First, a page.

In God’s eyes he was like a tender green shoot, sprouting from a root in dry and sterile ground. But in our eyes there was no attractiveness at all, nothing to make us want him. We despised him and rejected him—a man of sorrows, acquainted with bitterest grief. We turned our backs on him and looked the other way when he went by. He was despised, and we didn’t care. ~ Isaiah 53:2–3, TLB
The verses. They sound like many of us, don’t they? Didn’t we feel the bitterest grief when those who should have loved us turned their backs? Haven’t we been despised? Felt unattractive? Been told we’re ugly?
And the soil of our lives. Oh my.
Many times it is dry and sterile ground.
Or maybe we only know the desert habitat.
Dry. Oh so dry.
But these verses describe the King of Kings and the Lord of Lords.
Born in a lowly manger. Planted in the dry, sterile ground of Nazareth.
The thirty-year-old who had no place to lay his head.
The young man, cut down in the prime of His manhood, despised and rejected even as He saved.
He is a Savior acquainted with our grief.
Scripture says it was the “Lord’s good plan to bruise him and fill him with grief” (Isaiah 53:10, TLB).
But the passage doesn’t end there.
The next word is, “However.”
What a big difference such a simple word can make!
“However, when his soul has been made an offering for sin, then he shall have a multitude of children, many heirs. He shall live again, and God’s program shall prosper in his hands. And when he sees all that is accomplished by the anguish of his soul, he shall be satisfied; and because of what he has experienced, my righteous Servant shall make many to be counted righteous before God, for he shall bear all their sins. Therefore, I will give him the honors of one who is mighty and great” (vv. 10–12).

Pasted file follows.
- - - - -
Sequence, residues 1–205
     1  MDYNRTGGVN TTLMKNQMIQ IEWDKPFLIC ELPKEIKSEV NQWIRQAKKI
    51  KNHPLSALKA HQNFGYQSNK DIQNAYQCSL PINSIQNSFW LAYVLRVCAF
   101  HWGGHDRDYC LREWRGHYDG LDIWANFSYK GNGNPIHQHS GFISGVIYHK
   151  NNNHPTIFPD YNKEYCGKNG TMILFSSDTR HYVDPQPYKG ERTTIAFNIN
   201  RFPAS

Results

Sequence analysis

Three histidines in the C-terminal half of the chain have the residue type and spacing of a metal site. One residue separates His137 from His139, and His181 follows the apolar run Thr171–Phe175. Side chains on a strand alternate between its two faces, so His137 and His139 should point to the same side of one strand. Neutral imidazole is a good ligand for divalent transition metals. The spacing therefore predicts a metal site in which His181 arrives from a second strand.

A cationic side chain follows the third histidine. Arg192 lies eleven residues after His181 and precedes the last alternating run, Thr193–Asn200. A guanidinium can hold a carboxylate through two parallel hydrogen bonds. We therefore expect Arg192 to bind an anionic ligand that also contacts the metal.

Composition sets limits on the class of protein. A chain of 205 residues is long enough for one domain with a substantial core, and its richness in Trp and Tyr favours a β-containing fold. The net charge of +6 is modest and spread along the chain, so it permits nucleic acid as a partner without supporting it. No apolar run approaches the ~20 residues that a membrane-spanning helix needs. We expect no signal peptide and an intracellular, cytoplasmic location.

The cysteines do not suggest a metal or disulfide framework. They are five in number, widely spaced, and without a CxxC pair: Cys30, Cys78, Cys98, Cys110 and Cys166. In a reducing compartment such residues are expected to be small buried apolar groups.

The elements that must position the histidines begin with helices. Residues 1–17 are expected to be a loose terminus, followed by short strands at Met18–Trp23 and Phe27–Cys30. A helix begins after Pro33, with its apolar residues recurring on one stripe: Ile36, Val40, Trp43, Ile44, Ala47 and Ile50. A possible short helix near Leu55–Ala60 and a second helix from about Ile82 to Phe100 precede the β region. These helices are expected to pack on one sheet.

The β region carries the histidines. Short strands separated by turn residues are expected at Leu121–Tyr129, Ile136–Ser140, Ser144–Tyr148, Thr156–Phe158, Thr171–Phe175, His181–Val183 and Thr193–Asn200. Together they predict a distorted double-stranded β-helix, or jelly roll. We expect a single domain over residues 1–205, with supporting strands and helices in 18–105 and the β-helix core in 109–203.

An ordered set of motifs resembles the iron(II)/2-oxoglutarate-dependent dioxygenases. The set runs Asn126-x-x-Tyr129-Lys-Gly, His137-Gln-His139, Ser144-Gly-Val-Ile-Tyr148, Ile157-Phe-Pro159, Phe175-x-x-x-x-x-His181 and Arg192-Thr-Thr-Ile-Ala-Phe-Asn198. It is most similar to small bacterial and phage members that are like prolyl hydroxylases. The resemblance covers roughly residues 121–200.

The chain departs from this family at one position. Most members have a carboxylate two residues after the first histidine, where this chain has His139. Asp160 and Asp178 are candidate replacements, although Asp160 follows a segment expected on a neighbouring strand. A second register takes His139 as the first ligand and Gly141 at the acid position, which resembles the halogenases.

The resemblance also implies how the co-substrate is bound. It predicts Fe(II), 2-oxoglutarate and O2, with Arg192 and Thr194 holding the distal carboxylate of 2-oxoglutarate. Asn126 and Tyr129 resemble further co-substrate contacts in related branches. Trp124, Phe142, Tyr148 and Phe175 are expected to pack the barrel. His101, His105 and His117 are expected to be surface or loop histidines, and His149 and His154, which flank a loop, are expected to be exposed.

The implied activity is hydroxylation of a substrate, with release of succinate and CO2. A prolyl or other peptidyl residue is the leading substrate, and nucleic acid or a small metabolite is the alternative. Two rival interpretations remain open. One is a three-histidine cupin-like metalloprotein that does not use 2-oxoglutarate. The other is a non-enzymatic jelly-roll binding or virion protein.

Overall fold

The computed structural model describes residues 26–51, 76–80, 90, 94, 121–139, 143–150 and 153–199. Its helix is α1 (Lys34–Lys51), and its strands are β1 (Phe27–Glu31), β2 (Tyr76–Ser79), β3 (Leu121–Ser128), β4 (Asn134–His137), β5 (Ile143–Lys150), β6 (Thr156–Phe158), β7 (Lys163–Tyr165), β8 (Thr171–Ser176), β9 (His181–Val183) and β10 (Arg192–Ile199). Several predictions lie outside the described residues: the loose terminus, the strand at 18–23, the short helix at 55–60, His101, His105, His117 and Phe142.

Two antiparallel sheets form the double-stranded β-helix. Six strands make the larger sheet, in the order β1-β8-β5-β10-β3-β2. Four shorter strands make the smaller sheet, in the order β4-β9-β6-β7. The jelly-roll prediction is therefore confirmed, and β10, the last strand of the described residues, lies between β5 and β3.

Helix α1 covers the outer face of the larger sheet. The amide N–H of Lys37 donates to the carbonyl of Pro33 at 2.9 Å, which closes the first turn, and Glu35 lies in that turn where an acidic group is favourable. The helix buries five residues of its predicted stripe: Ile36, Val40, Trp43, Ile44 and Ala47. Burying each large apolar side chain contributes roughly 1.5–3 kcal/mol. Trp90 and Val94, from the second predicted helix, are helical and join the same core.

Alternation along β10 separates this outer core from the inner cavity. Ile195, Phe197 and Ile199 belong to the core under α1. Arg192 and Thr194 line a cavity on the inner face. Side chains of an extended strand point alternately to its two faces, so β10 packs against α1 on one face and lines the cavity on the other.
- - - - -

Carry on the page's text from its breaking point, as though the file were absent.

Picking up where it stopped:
After He suffered He was given many heirs, new life, a glorious role in a prospering plan, satisfaction, and honor.
There’s a however in our lives too.
This Jesus who flourished in such barren soil shows us how to do the same. He tells us to keep our eyes on Him and to watch how He did it. He let the shame fall away and surrendered to His Father’s plan. It led Him to glory, seated at the right hand of Almighty God (Hebrews 12).
In Isaiah, as God’s people surrender to His instruction, He gives this beautiful promise, “And the Lord will guide you continually, and satisfy you with all good things, and keep you healthy too; and you will be like a well-watered garden, like an ever-flowing spring” (58:11).
The Message says it this way:
“Your lives will begin to glow in the darkness,
your shadowed lives will be bathed in sunlight.
I will always show you where to go.
I’ll give you a full life in the emptiest of places—
firm muscles, strong bones.
You’ll be like a well-watered garden,
a gurgling spring that never runs dry.
You’ll use the old rubble of past lives to build anew,
rebuild the foundations from out of your past.
You’ll be known as those who can fix anything,
restore old ruins, rebuild and renovate,
make the community livable again” (vv. 10—12).
Don’t you love all those “re” words? Rebuild. Restore. Renovate. My friend, author and speaker Mary DeMuth, adds another “re” word. She says God will not only set us free, but will “re-story” our lives. “Many of us have hard stories,” writes Mary, “and those stories seem to be indelibly marked on us. And yet, Jesus intercedes. He restores and re-stories us, transforming our tale of woe into an epic of Whoa.”
Sounds like flourishing to me!
Father, take the rubble of my old life. Rebuild my foundations. Restore me. You’re the God who can fix anything, and I want to be known as one You’ve rebuilt, renovated, and re-storied. Bathe my life in sunlight. Make me like a well-watered garden, an ever-flowing spring. It’ll be even more grand, Lord, because of the parched places that tried to suck the life out of me. I can’t wait to see what You do in me!